example of a request for proposal

We really empathize with where you are right now. You’re about to kick off an incredibly important, and expensive, process at your company by sending out a request for proposal (RFP).

You’re sending out an RFP because you need help figuring something out. But, by definition, you aren’t the person to solve it, so how can you write the RFP?

Most standard RFPs are crap and you’re here because you don’t want to write the standard RFP.

Most standard RFPs are also long, legalistic documents that show how big organizations struggle to hire creative agencies and partners.

Your RFP will be the start of an ongoing conversation, not a standalone statement. It needs to set the right tone for the kind of conversation you want to have.

sample request for proposal

Challenges of the RFP Process

The RFP process raises a lot of challenges that, no matter how awesome you are, you’re bound to run into. Let’s first identify a few of them, and then we’ll address how to solve them.

Impersonal

Most of the RFPs that go out from big companies are extremely impersonal.  However, the work is going to to be extremely personal.

Ultimately, it’s about relationships and finding the right partner.

The goal of this guide is to help you engineer the RFP process so that it not only reveals who the best agency is to meet your needs, but also the relationship that’s best for both your company and your vendor’s.

Prescriptive

In the RFP process, you’re looking for a partner that will guide you in the right direction and tell you what you what to do, leveraging their technical and creative expertise.  When your RFP is overly specific with deliverables, it doesn’t tap into any of your potential partner’s expertise and boxes them in with potential solutions.

request for web design proposal

RFPs should be problem driven, not solution driven.  For example, in giving our designers feedback, we would give them the problem with the design, not the solution.  By asking a question (“What else do you think could be done here?”) and not simply emailing them a stock image for the homepage background, we get creative, non-obvious results.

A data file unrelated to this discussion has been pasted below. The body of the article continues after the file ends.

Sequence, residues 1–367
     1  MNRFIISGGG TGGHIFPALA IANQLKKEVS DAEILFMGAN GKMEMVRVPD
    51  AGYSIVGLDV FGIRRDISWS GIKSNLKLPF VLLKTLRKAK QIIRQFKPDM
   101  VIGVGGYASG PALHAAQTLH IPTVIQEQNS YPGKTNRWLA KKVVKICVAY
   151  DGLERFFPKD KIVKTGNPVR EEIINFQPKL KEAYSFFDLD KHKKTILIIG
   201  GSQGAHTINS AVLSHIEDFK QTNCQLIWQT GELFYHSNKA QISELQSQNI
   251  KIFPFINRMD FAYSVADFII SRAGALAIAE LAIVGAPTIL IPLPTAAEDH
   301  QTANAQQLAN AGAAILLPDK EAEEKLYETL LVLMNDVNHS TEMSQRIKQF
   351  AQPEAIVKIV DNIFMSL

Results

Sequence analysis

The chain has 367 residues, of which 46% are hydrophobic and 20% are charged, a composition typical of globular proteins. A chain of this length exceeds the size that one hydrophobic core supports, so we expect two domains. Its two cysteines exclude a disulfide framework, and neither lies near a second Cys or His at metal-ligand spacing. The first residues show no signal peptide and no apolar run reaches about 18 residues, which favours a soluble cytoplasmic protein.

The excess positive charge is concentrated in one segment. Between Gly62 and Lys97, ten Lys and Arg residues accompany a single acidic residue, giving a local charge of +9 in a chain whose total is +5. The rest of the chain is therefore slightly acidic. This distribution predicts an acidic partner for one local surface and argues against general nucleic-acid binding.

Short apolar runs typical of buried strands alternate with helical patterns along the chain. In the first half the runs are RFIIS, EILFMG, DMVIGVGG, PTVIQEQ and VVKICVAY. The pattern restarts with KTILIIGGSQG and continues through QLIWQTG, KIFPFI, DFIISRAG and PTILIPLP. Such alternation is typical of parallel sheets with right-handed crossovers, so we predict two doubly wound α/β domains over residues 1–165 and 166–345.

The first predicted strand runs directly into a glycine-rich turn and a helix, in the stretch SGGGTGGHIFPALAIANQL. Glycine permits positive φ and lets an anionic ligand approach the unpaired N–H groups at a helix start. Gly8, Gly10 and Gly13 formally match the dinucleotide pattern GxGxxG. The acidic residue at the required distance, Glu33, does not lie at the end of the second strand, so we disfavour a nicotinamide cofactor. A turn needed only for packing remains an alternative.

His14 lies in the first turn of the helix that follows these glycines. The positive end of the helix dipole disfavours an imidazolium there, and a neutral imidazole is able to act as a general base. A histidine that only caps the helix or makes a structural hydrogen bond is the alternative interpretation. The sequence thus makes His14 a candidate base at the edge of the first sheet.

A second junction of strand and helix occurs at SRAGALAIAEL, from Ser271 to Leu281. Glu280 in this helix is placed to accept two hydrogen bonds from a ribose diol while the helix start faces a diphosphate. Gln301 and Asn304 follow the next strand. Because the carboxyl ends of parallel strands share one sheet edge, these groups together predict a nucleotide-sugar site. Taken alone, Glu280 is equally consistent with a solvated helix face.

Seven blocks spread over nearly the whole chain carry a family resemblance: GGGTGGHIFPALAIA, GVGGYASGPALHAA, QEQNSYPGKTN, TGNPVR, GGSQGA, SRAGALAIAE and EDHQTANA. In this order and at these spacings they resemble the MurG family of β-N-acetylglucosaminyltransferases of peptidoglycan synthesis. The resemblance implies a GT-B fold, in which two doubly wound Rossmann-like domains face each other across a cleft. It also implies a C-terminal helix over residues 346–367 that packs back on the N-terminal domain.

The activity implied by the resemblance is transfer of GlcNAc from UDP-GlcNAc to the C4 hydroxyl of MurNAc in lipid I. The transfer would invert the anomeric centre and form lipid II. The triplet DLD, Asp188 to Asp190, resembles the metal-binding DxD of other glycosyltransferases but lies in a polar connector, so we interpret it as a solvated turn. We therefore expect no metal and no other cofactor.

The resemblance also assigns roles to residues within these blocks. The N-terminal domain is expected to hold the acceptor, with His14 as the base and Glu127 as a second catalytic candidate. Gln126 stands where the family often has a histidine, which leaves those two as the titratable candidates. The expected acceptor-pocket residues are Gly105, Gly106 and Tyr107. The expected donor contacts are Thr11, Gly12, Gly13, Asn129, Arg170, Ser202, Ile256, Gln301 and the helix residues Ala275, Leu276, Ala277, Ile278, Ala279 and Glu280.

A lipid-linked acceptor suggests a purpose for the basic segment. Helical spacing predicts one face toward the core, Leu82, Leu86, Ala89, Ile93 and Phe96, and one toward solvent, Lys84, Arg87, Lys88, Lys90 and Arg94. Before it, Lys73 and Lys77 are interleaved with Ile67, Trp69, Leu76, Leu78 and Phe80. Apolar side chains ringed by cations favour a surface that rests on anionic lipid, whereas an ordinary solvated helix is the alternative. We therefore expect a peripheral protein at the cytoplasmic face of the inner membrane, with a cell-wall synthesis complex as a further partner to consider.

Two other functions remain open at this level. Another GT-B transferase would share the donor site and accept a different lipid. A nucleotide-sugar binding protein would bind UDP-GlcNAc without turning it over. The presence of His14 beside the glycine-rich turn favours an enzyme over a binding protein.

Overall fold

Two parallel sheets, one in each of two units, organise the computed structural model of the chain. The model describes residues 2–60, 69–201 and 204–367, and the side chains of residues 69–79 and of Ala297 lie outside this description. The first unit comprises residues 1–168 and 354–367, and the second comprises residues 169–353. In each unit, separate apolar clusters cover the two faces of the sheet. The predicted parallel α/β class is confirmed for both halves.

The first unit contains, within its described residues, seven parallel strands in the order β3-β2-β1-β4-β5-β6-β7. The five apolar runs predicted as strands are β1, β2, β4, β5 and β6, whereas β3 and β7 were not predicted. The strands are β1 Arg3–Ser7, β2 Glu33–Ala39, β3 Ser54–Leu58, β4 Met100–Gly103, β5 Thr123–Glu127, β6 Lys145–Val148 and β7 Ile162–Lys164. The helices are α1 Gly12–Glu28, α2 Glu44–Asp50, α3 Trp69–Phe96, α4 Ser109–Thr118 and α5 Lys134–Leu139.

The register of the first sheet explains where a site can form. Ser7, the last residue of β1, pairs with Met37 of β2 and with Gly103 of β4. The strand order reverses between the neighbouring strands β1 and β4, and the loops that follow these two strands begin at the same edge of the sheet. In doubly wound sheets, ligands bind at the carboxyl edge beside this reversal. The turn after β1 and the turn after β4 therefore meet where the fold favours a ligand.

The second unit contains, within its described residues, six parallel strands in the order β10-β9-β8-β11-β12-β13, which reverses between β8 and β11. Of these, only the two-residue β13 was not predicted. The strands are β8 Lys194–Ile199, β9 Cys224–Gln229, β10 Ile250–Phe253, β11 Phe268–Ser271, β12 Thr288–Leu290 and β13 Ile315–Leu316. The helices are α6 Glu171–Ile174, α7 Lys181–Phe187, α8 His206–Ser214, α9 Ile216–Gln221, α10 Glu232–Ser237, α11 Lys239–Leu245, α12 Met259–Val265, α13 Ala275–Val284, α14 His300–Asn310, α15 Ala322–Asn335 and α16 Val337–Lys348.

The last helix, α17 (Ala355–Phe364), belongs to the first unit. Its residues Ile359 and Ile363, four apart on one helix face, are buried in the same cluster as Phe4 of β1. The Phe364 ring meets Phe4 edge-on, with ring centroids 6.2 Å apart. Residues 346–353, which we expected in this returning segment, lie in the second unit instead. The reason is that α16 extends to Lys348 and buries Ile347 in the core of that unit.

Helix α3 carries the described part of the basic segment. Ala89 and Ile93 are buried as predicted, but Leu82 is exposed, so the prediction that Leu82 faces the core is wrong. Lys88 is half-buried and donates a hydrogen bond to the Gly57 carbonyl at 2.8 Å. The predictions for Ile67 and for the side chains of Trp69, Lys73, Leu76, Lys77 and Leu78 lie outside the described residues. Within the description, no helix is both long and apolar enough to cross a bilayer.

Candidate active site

Narrow RFPs lead to both you and your partner doing a box-checking exercise.

Here’s what an overly prescriptive RFP looks like:


We want a mobile-friendly, responsive, 8-page WordPress website that includes the following:

  • Homepage
  • PPC Landing Page
  • About
  • Services
  • Blog
  • Podcast
  • Newsletter
  • Contact

We want no more than four plugins and the site must load in under 2 seconds. The overall layout should look just like http://cliquestudios.com.


Sending out an RFP that is cookie-cutter will get responses from cookie-cutter and box-checker agencies.  That’s why you won’t find any completely “fill in the blank” template in this guide.

So what then? Are you supposed to leave things incredibly open-ended?

Actually, no.

Going the opposite direction and making things too vague cause you to fall into one of the biggest pitfalls of the RFP process.

 

The Biggest Mistake Companies Make in the RFP Process

Things tend to go haywire when conversations stay high level for too long. High level conversations are great at the outset of the project, but not in the RFP.

Simply put, you can’t request specific details that are needed to insure a successful project when you keep things high-level for too long. The way we fix that is by focusing on the timeline and what will happen during the course of the design / development process.

High Level: RFP includes information about the entire company, but no bios on who is actually going to work on the project.